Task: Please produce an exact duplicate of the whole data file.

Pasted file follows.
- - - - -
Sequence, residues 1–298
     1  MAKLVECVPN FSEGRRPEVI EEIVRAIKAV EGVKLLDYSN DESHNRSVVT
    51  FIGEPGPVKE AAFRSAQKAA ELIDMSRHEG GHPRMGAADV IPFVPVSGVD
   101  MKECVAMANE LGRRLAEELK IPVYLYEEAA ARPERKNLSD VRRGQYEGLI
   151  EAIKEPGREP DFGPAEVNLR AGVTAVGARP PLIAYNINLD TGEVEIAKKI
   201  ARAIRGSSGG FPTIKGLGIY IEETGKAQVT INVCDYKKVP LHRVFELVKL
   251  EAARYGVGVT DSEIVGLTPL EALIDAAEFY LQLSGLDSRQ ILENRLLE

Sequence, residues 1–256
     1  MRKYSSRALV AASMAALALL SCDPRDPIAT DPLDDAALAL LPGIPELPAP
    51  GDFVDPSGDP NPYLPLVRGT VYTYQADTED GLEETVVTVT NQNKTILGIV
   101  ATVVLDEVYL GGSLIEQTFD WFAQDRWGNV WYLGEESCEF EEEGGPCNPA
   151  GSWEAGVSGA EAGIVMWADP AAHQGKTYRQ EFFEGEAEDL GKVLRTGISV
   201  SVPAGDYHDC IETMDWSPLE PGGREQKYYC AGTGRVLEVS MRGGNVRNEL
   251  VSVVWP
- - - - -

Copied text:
Sequence, residues 1–298
     1  MAKLVECVPN FSEGRRPEVI EEIVRAIKAV EGVKLLDYSN DESHNRSVVT
    51  FIGEPGPVKE AAFRSAQKAA ELIDMSRHEG GHPRMGAADV IPFVPVSGVD
   101  MKECVAMANE LGRRLAEELK IPVYLYEEAA ARPERKNLSD VRRGQYEGLI
   151  EAIKEPGREP DFGPAEVNLR AGVTAVGARP PLIAYNINLD TGEVEIAKKI
   201  ARAIRGSSGG FPTIKGLGIY IEETGKAQVT INVCDYKKVP LHRVFELVKL
   251  EAARYGVGVT DSEIVGLTPL EALIDAAEFY LQLSGLDSRQ ILENRLLE

Sequence, residues 1–256
     1  MRKYSSRALV AASMAALALL SCDPRDPIAT DPLDDAALAL LPGIPELPAP
    51  GDFVDPSGDP NPYLPLVRGT VYTYQADTED GLEETVVTVT NQNKTILGIV
   101  ATVVLDEVYL GGSLIEQTFD WFAQDRWGNV WYLGEESCEF EEEGGPCNPA
   151  GSWEAGVSGA EAGIVMWADP AAHQGKTYRQ EFFEGEAEDL GKVLRTGISV
   201  SVPAGDYHDC IETMDWSPLE PGGREQKYYC AGTGRVLEVS MRGGNVRNEL
   251  VSVVWP